I mentioned before that 10,000 Days
has a rather large Pink Floyd feel to it, and while this is probably what should be expected from a band of this caliber, this feel is especially strong in 10,000 Days
. One only needs to listen to “Wings for Marie” and “10,000 Days” to get what I’m talking about here. This may turn off some of the more heavy metal Tool fans, but there are still some of the heavy tunes that Tool’s known for throughout the album (“Vicarious,” “Jambi,” and “The Pot” are the prime examples). For the other fans of Tool, the album is more of a transcendental music experience in the vain of their last excellent album, Lateralus
Filler: the one thing in an album that I almost always skip through. I always see filler as a stupid excuse by the musicians to make their album more cohesive because they ran out of ideas to make more songs. In a nutshell, filler isn’t music and it should never be considered music. If there’s one negative thing about Tool, it’s their consistent use of this damn filler I just defined. Tool’s Ænima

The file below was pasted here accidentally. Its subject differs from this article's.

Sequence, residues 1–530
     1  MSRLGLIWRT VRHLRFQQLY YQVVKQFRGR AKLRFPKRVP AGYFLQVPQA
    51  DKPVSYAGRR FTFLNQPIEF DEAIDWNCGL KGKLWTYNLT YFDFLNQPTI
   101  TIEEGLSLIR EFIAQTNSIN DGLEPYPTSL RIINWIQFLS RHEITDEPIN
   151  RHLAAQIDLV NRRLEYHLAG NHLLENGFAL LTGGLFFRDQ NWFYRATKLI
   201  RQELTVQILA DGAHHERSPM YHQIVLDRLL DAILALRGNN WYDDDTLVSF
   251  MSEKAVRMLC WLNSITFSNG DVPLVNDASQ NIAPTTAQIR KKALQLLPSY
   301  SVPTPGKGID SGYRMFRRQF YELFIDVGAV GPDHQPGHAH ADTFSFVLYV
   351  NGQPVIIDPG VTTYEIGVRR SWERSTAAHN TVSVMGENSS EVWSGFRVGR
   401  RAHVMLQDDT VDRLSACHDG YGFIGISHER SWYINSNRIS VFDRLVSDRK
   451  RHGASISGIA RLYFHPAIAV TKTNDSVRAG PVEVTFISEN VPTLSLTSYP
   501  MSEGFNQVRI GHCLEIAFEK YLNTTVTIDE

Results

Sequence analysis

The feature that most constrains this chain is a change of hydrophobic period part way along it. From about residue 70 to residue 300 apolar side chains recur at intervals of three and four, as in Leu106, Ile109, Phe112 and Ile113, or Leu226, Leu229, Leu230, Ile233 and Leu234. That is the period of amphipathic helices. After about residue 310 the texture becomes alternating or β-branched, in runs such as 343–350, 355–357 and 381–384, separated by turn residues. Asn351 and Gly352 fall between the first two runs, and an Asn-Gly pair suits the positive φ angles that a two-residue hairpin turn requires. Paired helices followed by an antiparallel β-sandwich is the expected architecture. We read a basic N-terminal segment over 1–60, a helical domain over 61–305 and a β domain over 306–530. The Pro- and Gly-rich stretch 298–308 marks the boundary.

was the guiltiest of this, featuring pointless pieces of babies crying, electricity surging, and German spoken brownie recipes. Lateralus
continued the filler trend with stupid moans and little guitar ditties, although I’m not going to lie when I say “Faaip de Oiad” scared the crap out of me. 10,000 Days
is no exception with Native American jingles (“Lipan Conjuring”) and an extremely annoying blend of sound effects and sinister sounds (the hugely disappointing last track, “Vigniti Tres”). Some would probably argue that “Lost Keys (Blame Hofmann)” should be considered filler as well, but I like to think of that one as the intro to “Rosetta Stoned” which is why I mentioned it above along with it.